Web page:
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Hartford Pew Review: Asylum Hill Congregational Church

By Kerri Provost

July 13, 2011

Live jazz and cold lemonade.

On a gorgeous summer morning, offering bribes seems like the only way to encourage people to delay their picnics and beach trips by an hour or so.

Newsflash: bribery works.

Asylum Hill Congregational Church has several “Jazz Sunday” services each year, according to the Welcome Table volunteer I spoke with on a recent July morning when I happened upon one of these special services.

Kris Allen (saxophone), Joe Campolieta (trombone), Dan Campolieta (piano), Lou Bocciarelli (bass), and Charlie Dye (drums) played “Sunny Side of the Street” for the prelude, which began minutes after we were escorted by a friendly greeter to a cushioned pew of our choice. About half of the pews were occupied at this time, and people chatted quietly during this time and seemed happy to see one another; it’s hard to believe that AHCC is basically in the backyard of the Cathedral of St. Joseph, which could not feel more different.

Rev. Erica Thompson — the Associate Minister — spoke clearly, succinctly, and without pretension. During the welcome message that immediately followed the prelude, she encouraged visitors to wear name tags, visit the Welcome Table, and stay for lemonade after the service. In between Jolie Rocke Brown’s stunning rendition of Duke Ellington’s “Heaven,” an upbeat version of “Amazing Grace! How Sweet the Sound,” and Traci Christiansen Keen’s solo of George Gershwin’s “Someone to Watch Over Me,” Rev. Thompson talked about the power of music in our lives and how it has tied in with her own faith journey. Her words were not especially ground shaking, but anyone who finds music playing an important role in her life could relate to most of the message.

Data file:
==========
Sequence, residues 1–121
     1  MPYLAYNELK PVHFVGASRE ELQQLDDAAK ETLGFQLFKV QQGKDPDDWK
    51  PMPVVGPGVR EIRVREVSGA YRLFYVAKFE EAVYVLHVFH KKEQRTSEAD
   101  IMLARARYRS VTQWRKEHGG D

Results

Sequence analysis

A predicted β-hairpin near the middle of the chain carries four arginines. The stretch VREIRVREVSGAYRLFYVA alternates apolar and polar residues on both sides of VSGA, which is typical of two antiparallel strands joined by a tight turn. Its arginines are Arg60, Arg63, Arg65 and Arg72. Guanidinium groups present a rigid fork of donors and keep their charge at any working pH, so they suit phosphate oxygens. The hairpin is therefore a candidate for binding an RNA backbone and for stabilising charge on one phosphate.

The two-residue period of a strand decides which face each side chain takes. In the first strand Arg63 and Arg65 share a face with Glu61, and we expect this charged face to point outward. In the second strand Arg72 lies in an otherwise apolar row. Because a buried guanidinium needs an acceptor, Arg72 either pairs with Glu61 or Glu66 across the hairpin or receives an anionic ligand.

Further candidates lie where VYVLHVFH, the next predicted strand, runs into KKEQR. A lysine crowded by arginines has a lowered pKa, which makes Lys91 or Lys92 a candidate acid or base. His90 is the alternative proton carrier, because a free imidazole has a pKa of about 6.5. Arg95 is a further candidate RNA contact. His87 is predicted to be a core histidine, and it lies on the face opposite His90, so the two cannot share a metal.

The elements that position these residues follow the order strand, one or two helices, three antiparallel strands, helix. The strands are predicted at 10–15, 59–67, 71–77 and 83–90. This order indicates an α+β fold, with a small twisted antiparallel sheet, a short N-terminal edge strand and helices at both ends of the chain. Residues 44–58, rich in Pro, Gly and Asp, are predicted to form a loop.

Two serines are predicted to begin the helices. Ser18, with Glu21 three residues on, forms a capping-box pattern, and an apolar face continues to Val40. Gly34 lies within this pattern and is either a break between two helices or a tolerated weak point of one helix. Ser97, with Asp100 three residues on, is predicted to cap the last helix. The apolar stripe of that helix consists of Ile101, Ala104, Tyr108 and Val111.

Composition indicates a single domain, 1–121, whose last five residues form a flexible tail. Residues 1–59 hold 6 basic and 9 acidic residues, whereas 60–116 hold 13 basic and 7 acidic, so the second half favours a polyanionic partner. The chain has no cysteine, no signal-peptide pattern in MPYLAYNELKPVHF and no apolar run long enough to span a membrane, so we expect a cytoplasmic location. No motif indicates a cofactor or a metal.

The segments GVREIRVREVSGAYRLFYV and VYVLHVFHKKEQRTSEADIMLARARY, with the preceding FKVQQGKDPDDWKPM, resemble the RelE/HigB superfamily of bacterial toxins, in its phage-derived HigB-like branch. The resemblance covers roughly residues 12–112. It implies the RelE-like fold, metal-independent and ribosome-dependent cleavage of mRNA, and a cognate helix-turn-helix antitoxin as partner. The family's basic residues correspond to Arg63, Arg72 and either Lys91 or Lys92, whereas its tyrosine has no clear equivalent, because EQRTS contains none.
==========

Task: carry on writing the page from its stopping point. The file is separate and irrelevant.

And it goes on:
At another time, she listed examples of ways that humans fall short of our potential. What stuck with me was when she said that we have “too many highways [...] too many self-help books.” This struck me because of how humans have gotten in their own way in such obvious ways here in Hartford, particularly with the development of anti-people/pro-car infrastructure during the mid-twentieth century.

There is something to be said for spending money on a good sound system. Every word, note was clear. In other venues, I have struggled in the audience with either a performer/speaker’s poor diction and/or a sound system that crackles and drops out. AHCC has money enough to maintain the building and support equipment that makes possible a morning jazz concert with some Jesus and God thrown in. Asylum Hill Congregational Church is the rain venue for the Monday Night Jazz series, which should give an indication about how well this church is equipped.

While the collection plates were passed around, the jazz band performed “Pennies from Heaven.”

And here is how good the music was — during the postlude (”What is

this Thing Called Love?” by Cole Porter), after everyone had ample time to vacate the building, about half of the congregants remained either seated or hanging around, chatting quietly. The other half, I learned, did not just jump immediately in their cars. They were mainly scattered between Drew Hall or gathered on the lawn, munching on doughnuts and drinking cup-after-cup of lemonade.